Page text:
Vision New England Blog


The general blog of Vision New England dedicated to equipping and encouraging New England Christ followers to do justice, love mercy, walk humbly and make disciples.

The Parent

The Parent


I’m about to discuss a subject that I usually tend to avoid, because I generally believe the topic can’t really be articulated very well within the confines of human language. Nevertheless, this theme keeps popping up in my life, and I’ve been feeling very pulled to write about it lately, so I’ve decided to stop resisting.


Today I want to talk about one of the only things that I really get (even if it’s hard to explain) about life and how we should live it: unconditional love.


Jesus teaches that we should strive to love one another unconditionally. Because we are human, though, this is often close to impossible for us to do with most people, many of whom we probably don’t even like. Even so, we should still try to achieve this feat in one form or another, even if it's less a matter of "love,” so to speak, and more a degree of acceptance – relating to others humbly, and showing people mercy and justice regardless of their situation, and what they may or may not have done to/for you.


While Jesus is the quintessential example of unconditional love in The Bible, in all honesty, I've learned the most about this quality from the modeling of my own father, Bruce, who I've seen exhibit more profound and moving displays of love than any other person I've ever met. I could provide seemingly endless examples, but unfortunately, as with most personal anecdotes, without a certain amount of lengthy context (much of which is too sensitive and intimate for this sort of article) their real force and meaning would be lost. Therefore, I'm mainly going to omit these illustrations, and rather just focus on what, specifically, I've learned about the nature of unconditional love from my dad, and explain why I believe that reaching for this ONE quality is the most important thing we can do in trying to live lives of mercy, justice and humility.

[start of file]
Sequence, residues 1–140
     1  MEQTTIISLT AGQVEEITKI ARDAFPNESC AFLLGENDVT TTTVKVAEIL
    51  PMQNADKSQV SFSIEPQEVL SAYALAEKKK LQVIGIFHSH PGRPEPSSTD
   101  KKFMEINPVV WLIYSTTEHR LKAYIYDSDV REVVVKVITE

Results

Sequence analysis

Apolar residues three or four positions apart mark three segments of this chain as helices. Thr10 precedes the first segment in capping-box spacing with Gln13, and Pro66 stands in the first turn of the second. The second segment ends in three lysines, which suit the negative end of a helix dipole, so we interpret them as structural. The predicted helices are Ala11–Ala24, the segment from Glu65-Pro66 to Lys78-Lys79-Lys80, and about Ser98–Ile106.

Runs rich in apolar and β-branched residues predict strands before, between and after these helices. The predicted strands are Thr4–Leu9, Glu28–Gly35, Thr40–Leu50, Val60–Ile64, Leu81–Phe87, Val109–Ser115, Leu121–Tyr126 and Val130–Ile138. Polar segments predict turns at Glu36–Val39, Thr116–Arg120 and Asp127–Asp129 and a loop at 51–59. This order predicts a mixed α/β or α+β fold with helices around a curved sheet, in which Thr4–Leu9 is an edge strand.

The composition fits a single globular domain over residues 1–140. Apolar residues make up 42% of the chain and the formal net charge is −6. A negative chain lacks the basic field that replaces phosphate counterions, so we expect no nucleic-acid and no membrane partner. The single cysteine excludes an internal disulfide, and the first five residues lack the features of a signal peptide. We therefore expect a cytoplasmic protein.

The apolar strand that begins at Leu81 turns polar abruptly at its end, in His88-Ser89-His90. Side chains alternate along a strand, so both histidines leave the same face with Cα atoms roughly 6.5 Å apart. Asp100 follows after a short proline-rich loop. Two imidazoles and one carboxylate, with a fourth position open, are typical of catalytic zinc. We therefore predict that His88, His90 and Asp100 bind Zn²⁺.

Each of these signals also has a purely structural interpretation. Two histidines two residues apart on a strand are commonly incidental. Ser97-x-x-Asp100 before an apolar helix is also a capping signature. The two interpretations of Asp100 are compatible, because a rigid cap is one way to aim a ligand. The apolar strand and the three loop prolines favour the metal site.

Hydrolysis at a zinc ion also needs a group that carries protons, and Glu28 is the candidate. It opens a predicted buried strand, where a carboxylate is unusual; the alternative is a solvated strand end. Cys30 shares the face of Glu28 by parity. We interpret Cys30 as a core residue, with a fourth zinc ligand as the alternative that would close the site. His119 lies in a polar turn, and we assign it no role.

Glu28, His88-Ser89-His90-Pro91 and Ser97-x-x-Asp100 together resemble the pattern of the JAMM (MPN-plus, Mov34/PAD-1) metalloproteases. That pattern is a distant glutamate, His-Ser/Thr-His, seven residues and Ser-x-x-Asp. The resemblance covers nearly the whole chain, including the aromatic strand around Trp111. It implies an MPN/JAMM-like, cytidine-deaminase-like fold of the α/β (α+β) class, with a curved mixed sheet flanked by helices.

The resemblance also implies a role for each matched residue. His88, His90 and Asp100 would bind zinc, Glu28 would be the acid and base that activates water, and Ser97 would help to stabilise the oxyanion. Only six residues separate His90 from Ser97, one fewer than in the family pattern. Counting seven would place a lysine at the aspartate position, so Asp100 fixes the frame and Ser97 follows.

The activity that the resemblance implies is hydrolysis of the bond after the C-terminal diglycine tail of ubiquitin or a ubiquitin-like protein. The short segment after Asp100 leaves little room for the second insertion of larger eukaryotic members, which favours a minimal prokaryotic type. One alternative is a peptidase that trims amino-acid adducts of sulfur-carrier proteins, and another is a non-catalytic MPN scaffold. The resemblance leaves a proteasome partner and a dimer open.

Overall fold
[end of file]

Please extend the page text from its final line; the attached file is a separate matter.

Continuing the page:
Unconditional love is not about an outcome. It's not about someone loving you back, or gaining anything from your relationship with them. When you love someone regardless of if they love you - despite whatever horrible things they may have done to you - and whether or not they are even in your life at any given moment, this is the most magical, beautiful, and powerful gift that we can give to someone. This sort of love is how God loves, and if we can find this for even a small number of people, it's a truly incredible thing.